Jack’s weekly guest post – –
A question I’m frequently asked since I moved permanently to the US is whether I miss my native Scotland. The strange thing is that I have probably seen more of my homeland since emigrating than I did before leaving. That may seem odd, but it’s because I’ve been running an annual small group tour for the last eight or nine years at the end of June. When I have the great pleasure of showing enthusiastic visitors around then I tend to discover places I just never got around to getting to when I lived there. I also make a point of going a few days before the tour starts to give me the chance to catch up with old pals.
Of course if this was a hundred years ago I would probably not get to go back at all and I think that would be very hard.
Something else that makes an enormous difference is modern technology; the world has become a much smaller place with the advent of computers and the internet. I’m in almost daily contact with friends and family back there, followed the nail-biting news of the referendum on independence and continue to soak up the ongoing political aftermath.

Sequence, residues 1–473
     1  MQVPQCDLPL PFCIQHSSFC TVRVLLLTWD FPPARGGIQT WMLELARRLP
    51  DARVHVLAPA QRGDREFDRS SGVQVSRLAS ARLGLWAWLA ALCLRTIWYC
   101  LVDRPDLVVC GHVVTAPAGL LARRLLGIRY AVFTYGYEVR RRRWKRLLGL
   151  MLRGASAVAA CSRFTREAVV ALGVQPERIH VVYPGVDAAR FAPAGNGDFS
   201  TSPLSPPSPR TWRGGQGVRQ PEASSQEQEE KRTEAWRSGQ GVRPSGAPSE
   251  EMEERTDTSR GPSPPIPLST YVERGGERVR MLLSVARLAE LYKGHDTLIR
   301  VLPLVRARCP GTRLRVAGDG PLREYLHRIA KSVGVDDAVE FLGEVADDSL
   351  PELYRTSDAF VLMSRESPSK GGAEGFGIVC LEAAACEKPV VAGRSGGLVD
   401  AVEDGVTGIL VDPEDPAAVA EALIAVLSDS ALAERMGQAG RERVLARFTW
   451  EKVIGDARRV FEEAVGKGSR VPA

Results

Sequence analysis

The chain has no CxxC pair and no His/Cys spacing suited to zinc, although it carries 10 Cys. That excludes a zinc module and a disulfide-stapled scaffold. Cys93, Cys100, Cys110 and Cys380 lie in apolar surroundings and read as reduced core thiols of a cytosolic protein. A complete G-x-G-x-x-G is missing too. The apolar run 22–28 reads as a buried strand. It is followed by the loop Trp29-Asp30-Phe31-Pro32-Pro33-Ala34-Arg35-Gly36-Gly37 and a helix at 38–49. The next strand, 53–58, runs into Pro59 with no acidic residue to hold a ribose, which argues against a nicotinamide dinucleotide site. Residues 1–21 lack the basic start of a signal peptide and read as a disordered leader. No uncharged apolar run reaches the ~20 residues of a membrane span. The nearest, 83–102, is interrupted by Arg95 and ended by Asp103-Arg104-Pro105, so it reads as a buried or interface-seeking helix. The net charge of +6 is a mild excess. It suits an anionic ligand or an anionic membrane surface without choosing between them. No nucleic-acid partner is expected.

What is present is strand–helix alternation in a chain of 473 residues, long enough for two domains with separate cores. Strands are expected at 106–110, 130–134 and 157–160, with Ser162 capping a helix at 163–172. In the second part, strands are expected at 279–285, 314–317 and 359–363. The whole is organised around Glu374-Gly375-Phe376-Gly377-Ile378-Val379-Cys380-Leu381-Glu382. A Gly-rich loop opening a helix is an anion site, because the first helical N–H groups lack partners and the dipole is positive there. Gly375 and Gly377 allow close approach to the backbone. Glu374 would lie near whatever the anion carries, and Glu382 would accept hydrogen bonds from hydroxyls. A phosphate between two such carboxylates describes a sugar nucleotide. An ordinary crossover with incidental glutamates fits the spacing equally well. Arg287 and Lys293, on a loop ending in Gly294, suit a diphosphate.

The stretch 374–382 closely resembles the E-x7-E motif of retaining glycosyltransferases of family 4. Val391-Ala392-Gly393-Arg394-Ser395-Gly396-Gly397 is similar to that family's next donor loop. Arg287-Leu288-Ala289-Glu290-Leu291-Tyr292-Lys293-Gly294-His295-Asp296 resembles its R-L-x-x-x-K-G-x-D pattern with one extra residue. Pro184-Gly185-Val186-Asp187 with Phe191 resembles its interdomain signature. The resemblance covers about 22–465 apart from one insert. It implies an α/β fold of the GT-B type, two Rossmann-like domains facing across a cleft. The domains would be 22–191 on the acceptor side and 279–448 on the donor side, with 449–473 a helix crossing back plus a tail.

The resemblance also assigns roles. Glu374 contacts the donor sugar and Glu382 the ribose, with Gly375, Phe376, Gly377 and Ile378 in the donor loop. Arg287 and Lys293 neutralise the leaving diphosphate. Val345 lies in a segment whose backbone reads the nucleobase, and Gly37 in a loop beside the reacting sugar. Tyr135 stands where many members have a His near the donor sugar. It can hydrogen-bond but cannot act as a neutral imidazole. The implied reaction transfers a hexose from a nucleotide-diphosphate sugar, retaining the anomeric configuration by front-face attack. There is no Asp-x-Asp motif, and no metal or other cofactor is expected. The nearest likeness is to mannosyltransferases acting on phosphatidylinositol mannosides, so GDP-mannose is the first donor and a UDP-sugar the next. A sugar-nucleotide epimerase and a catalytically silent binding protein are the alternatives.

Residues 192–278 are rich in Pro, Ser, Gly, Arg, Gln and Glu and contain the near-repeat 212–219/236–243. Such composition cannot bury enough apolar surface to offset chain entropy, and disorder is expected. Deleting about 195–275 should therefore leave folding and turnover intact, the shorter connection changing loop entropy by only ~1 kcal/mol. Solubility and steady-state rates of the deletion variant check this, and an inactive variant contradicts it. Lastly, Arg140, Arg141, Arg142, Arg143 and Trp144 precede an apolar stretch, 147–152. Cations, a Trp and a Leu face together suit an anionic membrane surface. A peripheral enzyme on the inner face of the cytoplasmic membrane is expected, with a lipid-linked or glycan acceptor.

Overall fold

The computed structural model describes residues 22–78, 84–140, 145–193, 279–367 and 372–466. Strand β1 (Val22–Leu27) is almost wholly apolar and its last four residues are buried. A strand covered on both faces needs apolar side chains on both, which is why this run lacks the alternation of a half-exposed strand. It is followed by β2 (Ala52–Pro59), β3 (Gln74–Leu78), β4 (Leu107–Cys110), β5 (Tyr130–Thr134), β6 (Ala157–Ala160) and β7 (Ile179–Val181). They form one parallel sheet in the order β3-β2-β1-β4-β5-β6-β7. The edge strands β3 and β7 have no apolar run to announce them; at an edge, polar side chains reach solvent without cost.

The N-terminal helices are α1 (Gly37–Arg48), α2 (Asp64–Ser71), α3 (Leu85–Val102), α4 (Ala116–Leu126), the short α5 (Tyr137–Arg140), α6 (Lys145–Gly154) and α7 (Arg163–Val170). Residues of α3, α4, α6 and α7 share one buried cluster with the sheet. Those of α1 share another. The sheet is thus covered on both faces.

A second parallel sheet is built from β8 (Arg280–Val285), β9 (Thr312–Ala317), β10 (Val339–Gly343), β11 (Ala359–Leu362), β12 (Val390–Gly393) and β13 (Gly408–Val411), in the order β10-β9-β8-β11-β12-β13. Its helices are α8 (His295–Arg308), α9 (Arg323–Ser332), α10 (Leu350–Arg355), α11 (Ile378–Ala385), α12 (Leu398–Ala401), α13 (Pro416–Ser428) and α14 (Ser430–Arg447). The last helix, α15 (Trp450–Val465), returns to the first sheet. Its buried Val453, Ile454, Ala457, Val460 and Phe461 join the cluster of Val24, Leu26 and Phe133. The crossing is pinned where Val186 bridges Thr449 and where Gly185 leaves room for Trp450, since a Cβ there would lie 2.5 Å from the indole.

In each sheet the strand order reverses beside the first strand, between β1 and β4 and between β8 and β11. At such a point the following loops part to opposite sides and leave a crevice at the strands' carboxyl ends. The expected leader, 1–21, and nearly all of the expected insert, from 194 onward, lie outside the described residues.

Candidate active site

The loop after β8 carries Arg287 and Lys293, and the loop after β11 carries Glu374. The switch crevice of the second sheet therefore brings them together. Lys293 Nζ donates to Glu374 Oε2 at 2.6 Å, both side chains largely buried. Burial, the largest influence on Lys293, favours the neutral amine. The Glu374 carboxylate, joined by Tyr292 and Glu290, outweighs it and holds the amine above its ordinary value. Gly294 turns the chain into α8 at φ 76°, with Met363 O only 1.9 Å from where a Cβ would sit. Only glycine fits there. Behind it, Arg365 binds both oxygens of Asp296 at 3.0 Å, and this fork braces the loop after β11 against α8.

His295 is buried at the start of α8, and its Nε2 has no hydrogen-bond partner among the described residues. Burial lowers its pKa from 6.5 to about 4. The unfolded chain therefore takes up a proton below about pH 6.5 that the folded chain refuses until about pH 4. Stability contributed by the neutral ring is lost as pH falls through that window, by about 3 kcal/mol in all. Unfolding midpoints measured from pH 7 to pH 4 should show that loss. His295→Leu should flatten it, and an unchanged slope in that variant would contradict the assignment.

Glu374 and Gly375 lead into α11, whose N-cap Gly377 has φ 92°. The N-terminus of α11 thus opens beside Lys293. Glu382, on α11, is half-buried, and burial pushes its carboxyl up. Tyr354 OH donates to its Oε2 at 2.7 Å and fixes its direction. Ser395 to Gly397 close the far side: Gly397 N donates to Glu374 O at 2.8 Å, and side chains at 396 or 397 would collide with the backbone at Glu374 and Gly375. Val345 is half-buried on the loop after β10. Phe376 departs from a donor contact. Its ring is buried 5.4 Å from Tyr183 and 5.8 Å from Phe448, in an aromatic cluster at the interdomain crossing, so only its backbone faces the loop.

Another constant reminder of where I come from is the repertoire of songs and stories I’ve gathered over many years and whenever I sing anywhere I feel myself transported back to Scotland. It’s very rare on these occasions not to have lots of questions from folk afterwards and that’s always a good opportunity to point out the aspects of Scotland that folk over here tend to forget – the inventors, scientists and philosophers. It’s not all castles, tartan, bagpipes, golf and whisky (although there’s certainly that too).
One of the dangers that I’m aware of (from observing others that went before) is the temptation to become a caricature ‘Jock’ and adopt a false persona, although I suspect that’s less likely here in Appalachia if only because they’ve had to thole a few professional hillbillies themselves, so I try to be careful.
But I’m looking forward to heading back in June again; to drive past Loch Lomond and through Glencoe on the way to Skye and out to Lewis before heading back to drive round the north coast and over to Orkney. Then to Inverness and via Culloden to Aberdeen, my native county of Fife and finally to Edinburgh. Yes, there will be castles, tartan, bagpipes, golf and whisky – probably haggis as well!
slàinte mhath y’all – – –